In February 2017, WZZM aired a special report entitled, "When the War Came to Dorr," which detailed the history of when a Japanese Fu-Go balloon landed in a Dorr, Mich., farm field in 1945.
The balloon was discovered by three pre-teen boys -- brothers Bob & Ken Fein and their friend Larry "Buzz" Bailey, and less than 24 hours later was confiscated by federal government officials.
While conducting research during the production of the story, WZZM 13 discovered that the Fu-Go balloon that was discovered in Dorr still existed and was owned by a Minnesota man by the name of Don Piccard, who had been storing it inside a drum in his garage in Minneapolis.
Two days after the WZZM 13 piece aired, members of the Byron Center Historical Society called an impromptu meeting where they began brainstorming ways they could somehow get that balloon back to West Michigan and displayed at the Byron Township Museum.
Photos: Japanese FU-GO balloon
"We've been working on trying to secure a donor and generate the funds for three months," said Theresa Kiel, who is a member of the Byron Center Historical Society. "I'm so excited it's finally happened."
Kiel says she took a phone call late last Thursday evening, from an anonymous donor, who agreed to cover the $10,000 cost to being the balloon back to West Michigan.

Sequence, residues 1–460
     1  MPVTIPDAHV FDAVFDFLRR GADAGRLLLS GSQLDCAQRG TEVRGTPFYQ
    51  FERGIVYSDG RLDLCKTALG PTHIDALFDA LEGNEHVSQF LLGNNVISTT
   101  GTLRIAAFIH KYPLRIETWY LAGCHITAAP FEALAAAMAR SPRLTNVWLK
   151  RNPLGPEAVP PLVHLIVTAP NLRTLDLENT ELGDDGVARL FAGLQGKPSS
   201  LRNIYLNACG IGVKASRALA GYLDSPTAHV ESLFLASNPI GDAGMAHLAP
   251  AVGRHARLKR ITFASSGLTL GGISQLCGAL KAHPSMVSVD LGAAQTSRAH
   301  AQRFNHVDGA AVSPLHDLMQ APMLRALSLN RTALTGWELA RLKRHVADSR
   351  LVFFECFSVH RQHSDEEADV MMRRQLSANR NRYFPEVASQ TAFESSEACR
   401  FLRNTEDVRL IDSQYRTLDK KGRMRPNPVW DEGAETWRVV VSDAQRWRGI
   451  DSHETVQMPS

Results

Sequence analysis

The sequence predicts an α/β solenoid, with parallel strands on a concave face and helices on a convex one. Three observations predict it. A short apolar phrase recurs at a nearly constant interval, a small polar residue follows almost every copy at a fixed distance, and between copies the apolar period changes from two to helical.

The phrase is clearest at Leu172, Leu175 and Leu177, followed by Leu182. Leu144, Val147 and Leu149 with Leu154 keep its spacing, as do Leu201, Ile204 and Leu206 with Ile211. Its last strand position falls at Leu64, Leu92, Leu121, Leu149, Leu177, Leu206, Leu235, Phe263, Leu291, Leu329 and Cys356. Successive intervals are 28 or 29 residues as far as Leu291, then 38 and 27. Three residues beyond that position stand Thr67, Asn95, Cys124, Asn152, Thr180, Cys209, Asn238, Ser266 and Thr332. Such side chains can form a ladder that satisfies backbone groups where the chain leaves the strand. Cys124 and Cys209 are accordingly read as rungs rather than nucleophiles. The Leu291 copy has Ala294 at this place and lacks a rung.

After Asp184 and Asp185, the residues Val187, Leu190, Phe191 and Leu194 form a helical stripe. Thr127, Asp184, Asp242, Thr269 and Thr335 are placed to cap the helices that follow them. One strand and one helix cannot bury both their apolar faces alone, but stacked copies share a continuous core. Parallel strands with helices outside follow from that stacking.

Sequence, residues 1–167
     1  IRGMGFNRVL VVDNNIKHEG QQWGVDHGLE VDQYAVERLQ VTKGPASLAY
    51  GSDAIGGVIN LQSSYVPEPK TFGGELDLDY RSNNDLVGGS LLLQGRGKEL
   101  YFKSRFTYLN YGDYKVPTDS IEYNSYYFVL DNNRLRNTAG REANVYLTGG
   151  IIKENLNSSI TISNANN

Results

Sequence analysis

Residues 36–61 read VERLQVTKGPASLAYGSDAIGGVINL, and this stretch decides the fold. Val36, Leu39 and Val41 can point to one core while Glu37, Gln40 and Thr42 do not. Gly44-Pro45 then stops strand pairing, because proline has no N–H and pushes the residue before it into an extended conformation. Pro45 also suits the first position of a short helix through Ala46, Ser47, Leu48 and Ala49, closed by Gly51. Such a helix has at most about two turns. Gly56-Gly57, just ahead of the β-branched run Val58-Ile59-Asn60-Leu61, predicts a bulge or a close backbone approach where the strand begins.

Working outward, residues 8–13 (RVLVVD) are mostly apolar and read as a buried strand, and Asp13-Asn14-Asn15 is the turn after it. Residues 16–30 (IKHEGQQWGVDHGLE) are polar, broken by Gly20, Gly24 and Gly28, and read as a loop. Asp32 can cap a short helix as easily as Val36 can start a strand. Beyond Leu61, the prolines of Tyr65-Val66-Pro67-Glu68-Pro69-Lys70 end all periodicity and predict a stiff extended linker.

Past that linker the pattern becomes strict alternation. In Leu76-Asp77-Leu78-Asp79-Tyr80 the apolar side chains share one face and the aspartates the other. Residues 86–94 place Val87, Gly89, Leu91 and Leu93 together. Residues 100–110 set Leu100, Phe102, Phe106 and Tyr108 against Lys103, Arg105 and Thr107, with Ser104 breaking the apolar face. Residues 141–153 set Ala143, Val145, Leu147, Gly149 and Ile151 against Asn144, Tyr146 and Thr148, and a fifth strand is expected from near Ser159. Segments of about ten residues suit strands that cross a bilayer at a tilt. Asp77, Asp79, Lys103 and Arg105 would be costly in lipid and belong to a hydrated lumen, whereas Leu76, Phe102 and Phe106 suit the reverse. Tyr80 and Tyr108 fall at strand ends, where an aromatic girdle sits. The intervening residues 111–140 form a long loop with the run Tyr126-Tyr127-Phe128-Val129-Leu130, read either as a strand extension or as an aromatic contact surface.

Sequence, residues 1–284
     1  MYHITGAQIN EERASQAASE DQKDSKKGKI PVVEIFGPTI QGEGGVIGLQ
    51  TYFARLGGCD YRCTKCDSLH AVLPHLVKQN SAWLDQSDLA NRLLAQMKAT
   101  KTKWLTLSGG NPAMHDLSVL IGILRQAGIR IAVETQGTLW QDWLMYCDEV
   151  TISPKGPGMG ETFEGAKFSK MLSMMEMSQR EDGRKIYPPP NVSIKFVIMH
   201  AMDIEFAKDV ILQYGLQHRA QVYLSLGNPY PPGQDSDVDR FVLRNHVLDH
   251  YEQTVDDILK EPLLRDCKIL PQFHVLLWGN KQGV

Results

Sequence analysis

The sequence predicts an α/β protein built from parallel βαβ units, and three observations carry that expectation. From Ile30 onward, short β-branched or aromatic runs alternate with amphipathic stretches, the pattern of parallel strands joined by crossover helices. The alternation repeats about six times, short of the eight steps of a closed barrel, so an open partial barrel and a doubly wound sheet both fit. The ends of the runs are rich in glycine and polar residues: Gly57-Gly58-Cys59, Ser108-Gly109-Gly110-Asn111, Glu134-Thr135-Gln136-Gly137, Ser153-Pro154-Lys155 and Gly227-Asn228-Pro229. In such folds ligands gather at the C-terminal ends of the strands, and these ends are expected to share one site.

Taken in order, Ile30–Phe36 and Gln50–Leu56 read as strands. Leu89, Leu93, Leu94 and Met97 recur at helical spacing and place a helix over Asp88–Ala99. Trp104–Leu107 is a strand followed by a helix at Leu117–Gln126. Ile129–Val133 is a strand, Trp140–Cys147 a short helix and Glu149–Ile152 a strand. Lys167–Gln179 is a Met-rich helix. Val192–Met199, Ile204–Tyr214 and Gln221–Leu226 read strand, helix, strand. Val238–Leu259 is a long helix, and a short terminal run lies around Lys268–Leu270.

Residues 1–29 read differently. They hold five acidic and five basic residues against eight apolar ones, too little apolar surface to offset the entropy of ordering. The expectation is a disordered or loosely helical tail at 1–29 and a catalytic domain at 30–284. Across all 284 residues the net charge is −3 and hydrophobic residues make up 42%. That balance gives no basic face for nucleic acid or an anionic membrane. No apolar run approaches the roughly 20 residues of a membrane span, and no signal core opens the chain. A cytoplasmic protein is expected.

"If it wasn't for the WZZM story back in February, this wouldn't be happening," Kiel said."That story generated a lot of buzz for our community, which led to this generous donation."
Kiel called Piccard this past weekend and informed him that a donor has come forward.
"It's nice to have the balloon go to that museum," said Piccard, during a phone interview with WZZM. "The location of that museum is very close to where the balloon was discovered, so it's the perfect tie-in.
"After 70 years, it's going to be had to watch that balloon leave my driveway, but it will serve as a very good educational implement for that museum, so I'm pleased it will be going to a good home."
Piccard, 91, served as a Navy balloon and airship rigger in World War II. He was stationed in New Jersey and was placed in charge of the Fu-Go balloons that were recovered. After the war ended, Piccard was told to destroy all the balloons.
He was given permission to keep one of the balloons, and it happened to be the one that was discovered in Dorr.
Photos: Japanese FU-GO balloon FBI documents
In 1947, Piccard used the envelope of the Dorr Balloon to make his first solo flight over downtown Minneapolis.
Kiel is preparing to travel Thursday, May 25, to Minneapolis to get the balloon from Piccard and bring it back to Byron Center.
"We will be creating a very special exhibit for this amazing artifact," Kiel said. "We'll be spending the remainder of this year putting it together, and hope to welcome the public to come see it sometime in early 2018."
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